wherein said phase detecting portion is further operable to receive a second input feedback signal, based on the second feedback signal, when said switching portion is in the second state,
wherein said phase detecting portion is further to operable to output the compared signal based on the reference clock signal and the first input feedback signal when said switching portion is in the first state,
wherein said phase detecting portion is further to operable to output the compared signal based on the reference clock signal and the second input feedback signal when said switching portion is in the second state,
wherein said oscillator is operable to output the oscillator clock signal based on the filtered delay signal,
wherein said switching portion is operable to output the second feedback signal based as the synchronized signal when in a second state,
wherein said error corrector comprises a demultiplexer, an averager, an adder and a multiplexer,
wherein said demultiplexer is arranged to receive the digital delay signal and the select signal, and is operable to output a first phase difference signal and a second phase difference signal based on the select signal,
wherein said averager is operable to receive the second phase difference signal and to output an expected phase difference signal based on the second phase difference signal,
wherein said adder is operable to output a residual phase difference signal based on the second phase difference signal and the expected phase difference signal, and
wherein said multiplexer is operable to output, based on the select signal, a corrected digital delay signal based on the first phase difference signal and the residual phase difference signal.
13. A method of digitally phase locking an output signal with a reference clock signal, said method comprising:
outputting, by way of a phase detecting portion, a compared signal based on the reference clock signal;
outputting, by way of an oscillator, an oscillator clock signal;
outputting, by way of a feedback divider, a divided signal based on the oscillator clock signal;
outputting, by way of a switching portion, a first feedback signal based on the oscillator clock signal when the switching portion is in a first state;
outputting, by way of the switching portion, a second feedback signal based on the divided signal when the switching portion is in a second state;
switching the switching portion from the first state to the second state;
receiving, at an input of the phase detecting portion, a first input feedback signal; based on the first feedback signal, when the switching portion is in the first state;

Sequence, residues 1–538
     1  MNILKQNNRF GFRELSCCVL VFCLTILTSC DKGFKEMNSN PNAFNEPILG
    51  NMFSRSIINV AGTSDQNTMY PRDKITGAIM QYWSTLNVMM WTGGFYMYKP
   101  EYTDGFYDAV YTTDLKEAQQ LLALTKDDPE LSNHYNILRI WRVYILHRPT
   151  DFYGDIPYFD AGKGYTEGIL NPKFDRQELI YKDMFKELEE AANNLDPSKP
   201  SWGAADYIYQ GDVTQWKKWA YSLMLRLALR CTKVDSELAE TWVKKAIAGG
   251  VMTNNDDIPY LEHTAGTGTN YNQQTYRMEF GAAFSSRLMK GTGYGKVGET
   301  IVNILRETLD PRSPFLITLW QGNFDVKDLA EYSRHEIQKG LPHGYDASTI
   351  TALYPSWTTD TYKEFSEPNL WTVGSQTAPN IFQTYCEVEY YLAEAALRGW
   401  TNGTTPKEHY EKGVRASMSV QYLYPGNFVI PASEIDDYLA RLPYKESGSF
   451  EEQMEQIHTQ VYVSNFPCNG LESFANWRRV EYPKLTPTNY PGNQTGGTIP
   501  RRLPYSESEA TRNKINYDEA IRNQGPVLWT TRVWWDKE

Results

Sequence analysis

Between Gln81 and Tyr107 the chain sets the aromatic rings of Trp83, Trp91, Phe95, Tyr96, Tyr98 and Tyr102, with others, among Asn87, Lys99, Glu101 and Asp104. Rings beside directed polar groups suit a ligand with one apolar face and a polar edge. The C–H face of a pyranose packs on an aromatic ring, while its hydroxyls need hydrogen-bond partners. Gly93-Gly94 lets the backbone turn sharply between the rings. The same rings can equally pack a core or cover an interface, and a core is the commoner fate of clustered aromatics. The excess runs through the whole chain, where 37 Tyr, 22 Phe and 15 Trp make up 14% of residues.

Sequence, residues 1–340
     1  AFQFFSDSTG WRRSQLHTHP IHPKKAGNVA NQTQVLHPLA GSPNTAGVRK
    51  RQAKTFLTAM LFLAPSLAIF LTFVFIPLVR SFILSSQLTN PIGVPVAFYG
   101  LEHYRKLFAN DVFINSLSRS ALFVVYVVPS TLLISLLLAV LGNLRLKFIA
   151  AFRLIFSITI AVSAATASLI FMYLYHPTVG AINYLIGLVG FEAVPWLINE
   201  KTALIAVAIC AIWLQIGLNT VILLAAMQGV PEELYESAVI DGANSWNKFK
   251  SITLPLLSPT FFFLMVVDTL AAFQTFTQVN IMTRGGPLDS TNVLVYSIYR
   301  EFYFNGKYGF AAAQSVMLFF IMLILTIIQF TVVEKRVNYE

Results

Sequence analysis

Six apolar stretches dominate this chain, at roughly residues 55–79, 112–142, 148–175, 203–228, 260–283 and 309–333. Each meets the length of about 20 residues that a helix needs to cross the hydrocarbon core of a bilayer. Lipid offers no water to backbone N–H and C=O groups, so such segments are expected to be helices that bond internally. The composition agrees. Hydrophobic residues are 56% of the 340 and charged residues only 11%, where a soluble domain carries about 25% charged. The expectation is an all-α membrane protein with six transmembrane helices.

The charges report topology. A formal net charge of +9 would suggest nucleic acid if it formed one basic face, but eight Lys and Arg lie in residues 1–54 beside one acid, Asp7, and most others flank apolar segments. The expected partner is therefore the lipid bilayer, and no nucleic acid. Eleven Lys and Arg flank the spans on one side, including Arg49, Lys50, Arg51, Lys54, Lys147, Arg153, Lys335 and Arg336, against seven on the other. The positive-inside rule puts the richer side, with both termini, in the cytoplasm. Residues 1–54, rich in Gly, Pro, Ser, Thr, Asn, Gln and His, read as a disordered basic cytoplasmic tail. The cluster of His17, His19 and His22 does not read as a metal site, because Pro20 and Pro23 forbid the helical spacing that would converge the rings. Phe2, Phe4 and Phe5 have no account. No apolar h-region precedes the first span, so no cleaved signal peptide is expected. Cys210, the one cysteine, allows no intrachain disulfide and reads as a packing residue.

receiving, at the input of the phase detecting portion, a second input feedback signal, based on the second feedback signal, when the switching portion is in the second state;
outputting, by way of an input divider, a select signal; and
outputting, by way of an output divider, a divided output signal.
14. The method of claim 13,
wherein said outputting a compared signal based on the reference clock signal comprises outputting the compared signal based on the reference clock signal and the first input feedback signal when the switching portion is in the first state, and
wherein said outputting a compared signal based on the reference clock signal further comprises outputting the compared signal based on the reference clock signal and the second input feedback signal when the switching portion is in the second state.
15. The method of claim 14, further comprising outputting, by way of a time-to-digital portion, a digital delay signal based on the compared signal.
16. The method of claim 15, further comprising:
outputting, by way of a loop filter portion, a filtered delay signal based on the digital delay signal,
wherein said outputting an oscillator clock signal comprises outputting the oscillator clock signal based on the filtered delay signal.
17. The method of claim 16, further comprising:
outputting, by way of a synchronization flip-flop, a synchronized signal based on the oscillator clock signal and the divided signal,
wherein said outputting a second feedback signal based on the divided signal when the switching portion is in a second state comprises outputting the second feedback signal based on the synchronized signal when in a second state.
18. The method of claim 17, further comprising:
detecting, by way of a lock detector portion, a parameter based on the reference clock,
wherein said switching the switching portion from the first state to the second state comprises switching the switching portion from the first state to the second state based on the detected parameter.